Health

February 7, 2024

Nigerian products rejected abroad over poor use of chemicals by farmers – Varsity Don

Farmers

…Laments poor implementation of chemical use laws

By Chioma Obinna

 A Professor of Agro-Chemistry, Prof Lami Nnamonu, has decried the rejection of agricultural products from Nigeria in European and other countries due to  poor use of chemicals by farmers.

Nnamonu, a senior lecturer at the Federal University of Agriculture Makurdi, Benue State, explained that the wrong use of pesticides and preservatives by farmers stemmed from the failure of regulatory agencies from doing due diligence to all established Chemical use laws, adding that the development was costing the nation foreign exchange.

The university lecturer spoke in Port Harcourt at a one-day Capacity Building and Empowerment on the use of Chemical Substances for Vulnerable Women and Youths organised by Institute of Chartered Chemists of Nigeria, ICCON,.and the National Assembly.

She noted that pesticide residues were recurring incidents causing food poisoning in the country, adding that misuse, abuse and wrong application of chemicals are on the rise in the country.

Nnamonu said farm products from the country have been reported to have Maximum Residue Limit, MRL, above the World Health Organiosation, WHO’s, recommendation, adding that the development was because the farmers are not monitored and educated on chemical usage.

“Whenever our produce gets there, they test them for these pesticides and they discover high level of pesticides residues. There are limits that the World Health Organisation, WHO, has set Maximum Residue Limit ,MRL, you discover that this pesticides residue in our food are higher than the MRL, and they just send them back.

“We produce a lot of Yam in Benue State and there was a franchise to export our yam to Europe and Americas but at the point of checking they discovered that our yam has pesticide residues at levels higher than the MRL.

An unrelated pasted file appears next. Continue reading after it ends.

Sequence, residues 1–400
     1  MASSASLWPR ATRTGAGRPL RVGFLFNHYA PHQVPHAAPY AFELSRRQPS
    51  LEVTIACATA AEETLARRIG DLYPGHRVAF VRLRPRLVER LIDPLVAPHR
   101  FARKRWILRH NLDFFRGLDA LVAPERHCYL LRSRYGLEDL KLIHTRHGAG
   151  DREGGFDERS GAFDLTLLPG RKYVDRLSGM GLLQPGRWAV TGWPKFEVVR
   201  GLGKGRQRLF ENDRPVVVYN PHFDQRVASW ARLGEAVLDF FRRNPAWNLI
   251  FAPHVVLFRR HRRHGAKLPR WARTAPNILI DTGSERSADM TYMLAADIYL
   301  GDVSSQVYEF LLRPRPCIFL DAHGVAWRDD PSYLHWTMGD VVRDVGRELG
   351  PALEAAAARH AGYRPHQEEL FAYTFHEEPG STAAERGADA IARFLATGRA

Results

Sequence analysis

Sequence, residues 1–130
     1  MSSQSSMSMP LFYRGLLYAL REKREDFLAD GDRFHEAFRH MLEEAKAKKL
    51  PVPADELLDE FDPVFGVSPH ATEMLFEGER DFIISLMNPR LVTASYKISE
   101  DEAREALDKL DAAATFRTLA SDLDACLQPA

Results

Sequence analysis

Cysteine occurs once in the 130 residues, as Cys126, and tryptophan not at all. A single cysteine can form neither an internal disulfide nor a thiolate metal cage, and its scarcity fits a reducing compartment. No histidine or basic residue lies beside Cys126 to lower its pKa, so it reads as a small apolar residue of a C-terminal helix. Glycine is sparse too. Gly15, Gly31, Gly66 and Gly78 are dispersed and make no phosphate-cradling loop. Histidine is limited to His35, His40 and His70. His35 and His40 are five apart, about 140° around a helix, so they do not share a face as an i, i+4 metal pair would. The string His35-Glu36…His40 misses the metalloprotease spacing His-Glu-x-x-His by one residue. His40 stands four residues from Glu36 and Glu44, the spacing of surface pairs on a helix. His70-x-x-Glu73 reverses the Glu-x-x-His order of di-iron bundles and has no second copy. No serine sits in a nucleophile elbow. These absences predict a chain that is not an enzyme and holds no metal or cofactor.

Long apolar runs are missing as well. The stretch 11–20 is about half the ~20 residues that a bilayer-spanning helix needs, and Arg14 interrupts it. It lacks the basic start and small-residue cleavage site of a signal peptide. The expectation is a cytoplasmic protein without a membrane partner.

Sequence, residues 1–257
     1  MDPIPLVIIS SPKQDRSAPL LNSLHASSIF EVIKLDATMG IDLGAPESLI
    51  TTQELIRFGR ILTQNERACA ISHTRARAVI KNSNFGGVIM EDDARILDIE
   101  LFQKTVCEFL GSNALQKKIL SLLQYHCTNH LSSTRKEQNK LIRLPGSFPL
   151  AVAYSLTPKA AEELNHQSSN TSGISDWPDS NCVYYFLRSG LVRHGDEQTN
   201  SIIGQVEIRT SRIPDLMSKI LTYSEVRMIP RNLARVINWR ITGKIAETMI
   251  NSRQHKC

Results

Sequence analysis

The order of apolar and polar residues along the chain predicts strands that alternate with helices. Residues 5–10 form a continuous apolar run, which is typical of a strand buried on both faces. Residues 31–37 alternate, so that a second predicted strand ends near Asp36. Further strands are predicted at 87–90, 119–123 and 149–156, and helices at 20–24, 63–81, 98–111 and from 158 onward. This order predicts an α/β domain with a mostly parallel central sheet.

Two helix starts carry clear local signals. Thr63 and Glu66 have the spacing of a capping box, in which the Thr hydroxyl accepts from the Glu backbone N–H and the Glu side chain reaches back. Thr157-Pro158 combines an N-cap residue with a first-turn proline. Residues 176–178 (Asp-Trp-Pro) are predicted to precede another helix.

“Government knows this. They should wake up to their responsibilities. They are interested in self, me, myself and I and nobody cares about the common good and they do not worry about what is happening in the country.

“Ghana exports all these things. They are able to comply. International market is structure with laid down rule and one does not comply they do not buy your good.”

She urged regulatory agencies and the government to address the very concern, stating that there was low level of implementation of laws and monitoring of farmers.

“We have these policies written clearly. They are there. Ranging from environmental laws, pollution laws, but our problem is implementation and monitoring. We do not implement them. They are just there. My worries are huge. And they are also denying the country of huge foreign exchange.

“There was a time some exporters wanted to take Nigeria yam and beans out of this country to get foreign exchange for our country. When the farm products were tested, they were immediately rejected.

“Let them implement and monitor the compliance of farmers because these farmers are largely uneducated, all they want is improved yields and they do not care about what the people eat but just to get bumper harvest. If the regulatory bodies are there, they will make sure that the right thing is done,” she added.

However, the Registrar and Chief Executive Officer of ICCON, Chemist Wilford Jwalshik, said the programme was aimed at providing accurate and reliable information to empower the participants in their quest for Chemical Safety and security among other issues.

Jwalshik, who was represented by Chemist Gonap James, noted that citizens need to informed on issues regarding chemical safety and security, adding that the world at the point is witnessing a growing concern regarding safe handling, storage and transportation of chemicals.

However, Chief Nwuche Michael, one of the participants in the training, hailed the workshop as vital, adding that the participants have been equipped with the right know on chemical safety.

Michael said: “The workshop is not only important for vulnerable women and Youths, but for everybody. As far as I am concerned, I though that I have been enjoying myself and that there some restrictions that I have to take.

“This lecture today has enlightened us that some of those chemicals we using daily are dangerous to our health and today as I am going back, I will talk to my family to be aware of Don’ts and Dos concerning usage of chemicals.”